|Europe-wide passport for wholesale trading in electricity and gas, MiFID passport or REMiT registration – a field for analysis for energy traders|
|Saturday, 17 December 2011 20:43|
Page 1 of 3
The thorough re-calibration of energy trading licensing regime is looming. Besides standard registration required by the REMIT Regulation, the wholesale energy market participants will have the option for choosing either Europe-wide passport for wholesale trading in electricity and gas or MiFID passport – depending on the projected extent of business activity.
Market participants remaining beyond the scope of MiFID, will have to, however, regularly and on an ongoing basis, monitor exemptions foreseen by this Directive (currently undergoing the revision under the so-called MiFID II and MiFIR procedures) and the character of contracts concluded on the market so that not to run the risk of a charges of providing financial services without proper authorisation.
CEER final propositions for EU-wide passport
In the article “Europe-wide passport for wholesale trading in electricity and gas – still fragmentary perception of the production chain” I referred to the issue of elaborations taken up by the Council of European Energy Regulators (CEER) in order to reduce the actual differences between the EU Member States with regard to the regulatory regime and administrative requirements applicable to wholesale energy traders. It is probable that the rules in that regard will soon be harmonised across the EU and the wholesale energy market participants will dispose of the possibility to be subject to different market access regimes – both EU-wide but being differentiated by distinct product covering.
When it comes to wholesale energy market access regime, the rules are not currently harmonised in EU Member States. The research mandated by CEER showed very diverged licences’ requirements ranging from no-trading-licences-at-all approach (like in Germany for either financial or physical wholesale trading, a licence for European Energy Exchange (EEX) market participant excepting) to jurisdictions where access requirements seem overly onerous.
CEER Final Advice on the Introduction of a Europe-wide Energy Wholesale Trading Passport Ref: C11-WMS-15-04b of 8 November 2011 (http://www.energy-regulators.eu) recomended the following requirements and administrative standards for a wholesale energy market access regime:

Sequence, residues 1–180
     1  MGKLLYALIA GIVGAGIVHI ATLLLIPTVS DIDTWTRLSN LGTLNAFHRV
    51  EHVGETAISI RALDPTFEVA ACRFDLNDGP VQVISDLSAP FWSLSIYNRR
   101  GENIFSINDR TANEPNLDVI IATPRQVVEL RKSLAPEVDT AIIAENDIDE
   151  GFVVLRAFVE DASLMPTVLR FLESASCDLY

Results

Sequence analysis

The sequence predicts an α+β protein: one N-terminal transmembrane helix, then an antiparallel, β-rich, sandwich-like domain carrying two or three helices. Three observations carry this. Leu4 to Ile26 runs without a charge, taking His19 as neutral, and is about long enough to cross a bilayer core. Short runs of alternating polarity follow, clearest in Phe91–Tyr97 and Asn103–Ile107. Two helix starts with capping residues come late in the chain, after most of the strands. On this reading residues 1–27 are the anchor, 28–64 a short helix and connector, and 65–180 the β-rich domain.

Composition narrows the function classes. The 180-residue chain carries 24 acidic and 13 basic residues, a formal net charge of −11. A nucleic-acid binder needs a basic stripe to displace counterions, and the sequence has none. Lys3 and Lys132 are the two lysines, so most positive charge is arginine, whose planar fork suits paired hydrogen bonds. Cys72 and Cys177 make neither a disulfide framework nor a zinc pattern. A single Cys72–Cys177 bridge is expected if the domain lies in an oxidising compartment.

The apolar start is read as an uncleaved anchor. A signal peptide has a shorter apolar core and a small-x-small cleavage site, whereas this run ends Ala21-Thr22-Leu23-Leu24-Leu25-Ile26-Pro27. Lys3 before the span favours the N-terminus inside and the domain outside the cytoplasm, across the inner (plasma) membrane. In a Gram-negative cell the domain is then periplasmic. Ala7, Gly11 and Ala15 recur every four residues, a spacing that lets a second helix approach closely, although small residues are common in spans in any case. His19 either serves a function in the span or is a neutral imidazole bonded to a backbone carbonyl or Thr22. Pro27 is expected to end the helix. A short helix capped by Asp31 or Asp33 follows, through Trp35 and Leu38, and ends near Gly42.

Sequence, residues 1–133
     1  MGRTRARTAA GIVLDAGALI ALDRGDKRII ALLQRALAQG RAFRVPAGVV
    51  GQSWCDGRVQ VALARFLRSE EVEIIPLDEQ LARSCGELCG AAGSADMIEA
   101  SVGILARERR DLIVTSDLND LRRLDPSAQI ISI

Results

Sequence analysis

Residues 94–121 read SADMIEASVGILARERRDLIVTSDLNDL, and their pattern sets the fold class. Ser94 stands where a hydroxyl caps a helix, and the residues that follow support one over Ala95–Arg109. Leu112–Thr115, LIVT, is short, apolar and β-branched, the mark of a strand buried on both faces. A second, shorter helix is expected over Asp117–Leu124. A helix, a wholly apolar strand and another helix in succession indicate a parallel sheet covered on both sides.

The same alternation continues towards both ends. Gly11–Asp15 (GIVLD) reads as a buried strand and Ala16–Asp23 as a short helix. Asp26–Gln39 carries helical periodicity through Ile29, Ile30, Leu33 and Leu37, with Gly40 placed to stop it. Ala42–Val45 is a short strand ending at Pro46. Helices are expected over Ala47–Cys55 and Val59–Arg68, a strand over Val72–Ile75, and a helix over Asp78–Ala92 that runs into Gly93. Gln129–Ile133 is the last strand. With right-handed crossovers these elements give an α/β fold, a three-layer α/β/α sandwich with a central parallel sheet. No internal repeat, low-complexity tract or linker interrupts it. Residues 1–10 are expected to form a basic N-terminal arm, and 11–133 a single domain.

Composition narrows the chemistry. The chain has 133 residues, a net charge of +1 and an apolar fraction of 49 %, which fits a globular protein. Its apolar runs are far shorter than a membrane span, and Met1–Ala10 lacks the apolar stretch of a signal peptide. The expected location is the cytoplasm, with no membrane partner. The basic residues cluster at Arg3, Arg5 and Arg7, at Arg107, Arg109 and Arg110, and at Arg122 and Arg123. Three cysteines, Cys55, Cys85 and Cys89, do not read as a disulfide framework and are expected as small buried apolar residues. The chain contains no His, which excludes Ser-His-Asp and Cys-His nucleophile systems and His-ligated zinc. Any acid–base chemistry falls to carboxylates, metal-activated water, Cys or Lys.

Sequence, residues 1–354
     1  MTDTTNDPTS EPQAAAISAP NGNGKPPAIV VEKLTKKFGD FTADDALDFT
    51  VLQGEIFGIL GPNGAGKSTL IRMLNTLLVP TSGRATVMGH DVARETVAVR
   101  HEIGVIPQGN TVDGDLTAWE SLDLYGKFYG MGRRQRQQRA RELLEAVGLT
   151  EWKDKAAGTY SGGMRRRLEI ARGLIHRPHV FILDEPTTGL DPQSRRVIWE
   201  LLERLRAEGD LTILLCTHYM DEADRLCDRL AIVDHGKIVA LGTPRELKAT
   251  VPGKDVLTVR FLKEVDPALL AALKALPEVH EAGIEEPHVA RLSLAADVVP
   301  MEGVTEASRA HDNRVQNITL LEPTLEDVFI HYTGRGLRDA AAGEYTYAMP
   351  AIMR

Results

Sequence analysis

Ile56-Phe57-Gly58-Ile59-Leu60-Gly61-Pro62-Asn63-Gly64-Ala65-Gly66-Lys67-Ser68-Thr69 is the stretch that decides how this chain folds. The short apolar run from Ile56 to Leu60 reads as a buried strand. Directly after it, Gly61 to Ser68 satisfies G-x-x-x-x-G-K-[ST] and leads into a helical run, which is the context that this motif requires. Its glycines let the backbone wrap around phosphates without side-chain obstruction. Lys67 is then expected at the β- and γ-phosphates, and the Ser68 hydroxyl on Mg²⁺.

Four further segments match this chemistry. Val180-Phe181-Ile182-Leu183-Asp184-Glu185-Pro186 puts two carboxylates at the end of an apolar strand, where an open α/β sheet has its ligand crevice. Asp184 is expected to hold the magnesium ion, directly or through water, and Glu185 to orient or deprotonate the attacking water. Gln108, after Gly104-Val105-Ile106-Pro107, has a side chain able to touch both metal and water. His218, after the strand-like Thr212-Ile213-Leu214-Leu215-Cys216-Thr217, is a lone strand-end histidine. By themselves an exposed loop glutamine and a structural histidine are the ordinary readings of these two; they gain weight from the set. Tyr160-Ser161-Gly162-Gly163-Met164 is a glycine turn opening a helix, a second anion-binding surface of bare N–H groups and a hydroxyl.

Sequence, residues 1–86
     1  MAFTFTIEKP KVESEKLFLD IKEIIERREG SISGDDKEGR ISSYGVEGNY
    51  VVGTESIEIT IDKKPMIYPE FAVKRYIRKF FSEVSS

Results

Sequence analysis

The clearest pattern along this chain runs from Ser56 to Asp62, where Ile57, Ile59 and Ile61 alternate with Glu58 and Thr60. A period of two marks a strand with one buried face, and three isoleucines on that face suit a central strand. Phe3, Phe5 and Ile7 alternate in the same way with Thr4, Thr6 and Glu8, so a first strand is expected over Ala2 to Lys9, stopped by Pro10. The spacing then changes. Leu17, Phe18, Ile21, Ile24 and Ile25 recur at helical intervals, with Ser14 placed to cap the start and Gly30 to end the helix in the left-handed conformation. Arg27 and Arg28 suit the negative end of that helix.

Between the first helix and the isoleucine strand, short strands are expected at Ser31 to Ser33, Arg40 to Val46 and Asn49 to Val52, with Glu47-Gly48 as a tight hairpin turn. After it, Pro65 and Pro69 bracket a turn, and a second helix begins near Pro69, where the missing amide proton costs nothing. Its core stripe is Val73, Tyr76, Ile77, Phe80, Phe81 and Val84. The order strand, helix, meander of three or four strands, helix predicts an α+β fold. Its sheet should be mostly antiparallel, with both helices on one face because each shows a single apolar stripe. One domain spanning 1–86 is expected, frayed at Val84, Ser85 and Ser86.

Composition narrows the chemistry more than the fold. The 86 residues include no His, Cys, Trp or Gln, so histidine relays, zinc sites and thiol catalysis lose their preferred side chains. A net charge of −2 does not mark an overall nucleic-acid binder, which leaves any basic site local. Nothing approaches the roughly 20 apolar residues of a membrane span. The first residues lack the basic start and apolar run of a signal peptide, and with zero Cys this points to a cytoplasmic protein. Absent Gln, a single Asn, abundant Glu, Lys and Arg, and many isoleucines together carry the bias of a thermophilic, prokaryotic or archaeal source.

- All trading companies active on the market should be known, including some basic information such as the name of the company, field of activity and the ultimate ownership;
- Persons effectively running the trading company (management) should be obliged to provide certain information, for example their criminal record;
- If there is a fee for obtaining a trading licence this should be cost-based;
- The application procedure and its maximum duration should be Europe-wide standardised;
- Trading companies should demonstrate their technical, financial and organisational capacity to fulfil all energy regulatory guidelines;
- A branch office, collateral amounts, an economic success check or any provisions relating to security of supply should not be required.
The wholesale trading passport vs MiFID licence
As a result of the proposed changes the energy traders in the EU will be faced with a challenging dilemma of a business and strategic character, either to restrict themselves to wholesale energy trading licence tailored pursuant to the above-cited CEER suggestions (granting access to the entire EU market) or apply for the MiFID licence under the Directive 2004/39/EC - also EU-wide, but subjecting energy trader to the much stricter regulatory regime of financial markets (capital adequacy requirements including). The CEER Final Advice mentions that the second of the above options have been so far utilised only by a few wholesale energy traders.